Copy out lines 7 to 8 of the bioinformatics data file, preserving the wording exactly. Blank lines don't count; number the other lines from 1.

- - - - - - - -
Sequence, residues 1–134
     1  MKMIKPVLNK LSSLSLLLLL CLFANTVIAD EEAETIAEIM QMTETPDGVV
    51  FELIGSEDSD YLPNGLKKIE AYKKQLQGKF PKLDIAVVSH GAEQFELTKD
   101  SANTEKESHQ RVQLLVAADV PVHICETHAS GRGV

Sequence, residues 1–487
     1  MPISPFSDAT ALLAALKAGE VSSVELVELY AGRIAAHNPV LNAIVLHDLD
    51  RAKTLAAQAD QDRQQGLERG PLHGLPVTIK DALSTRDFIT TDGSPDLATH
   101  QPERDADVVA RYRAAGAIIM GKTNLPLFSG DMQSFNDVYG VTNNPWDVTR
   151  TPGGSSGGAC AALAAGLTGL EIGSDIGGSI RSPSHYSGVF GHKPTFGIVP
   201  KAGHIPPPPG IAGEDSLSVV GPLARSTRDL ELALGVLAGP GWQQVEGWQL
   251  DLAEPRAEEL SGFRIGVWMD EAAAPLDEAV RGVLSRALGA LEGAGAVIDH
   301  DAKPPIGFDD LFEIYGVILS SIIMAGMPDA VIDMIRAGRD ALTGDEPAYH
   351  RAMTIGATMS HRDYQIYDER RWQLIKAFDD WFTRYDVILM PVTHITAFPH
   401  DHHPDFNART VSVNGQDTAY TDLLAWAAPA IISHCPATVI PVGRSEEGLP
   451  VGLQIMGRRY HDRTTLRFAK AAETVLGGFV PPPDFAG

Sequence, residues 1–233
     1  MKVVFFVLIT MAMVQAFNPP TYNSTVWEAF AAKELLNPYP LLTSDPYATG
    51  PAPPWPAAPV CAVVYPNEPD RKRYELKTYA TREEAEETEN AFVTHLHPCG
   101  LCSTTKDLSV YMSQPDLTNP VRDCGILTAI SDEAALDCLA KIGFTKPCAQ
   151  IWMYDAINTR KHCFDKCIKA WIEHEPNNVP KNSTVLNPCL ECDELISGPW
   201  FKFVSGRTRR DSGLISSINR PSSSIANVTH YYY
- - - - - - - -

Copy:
    51  RAKTLAAQAD QDRQQGLERG PLHGLPVTIK DALSTRDFIT TDGSPDLATH
   101  QPERDADVVA RYRAAGAIIM GKTNLPLFSG DMQSFNDVYG VTNNPWDVTR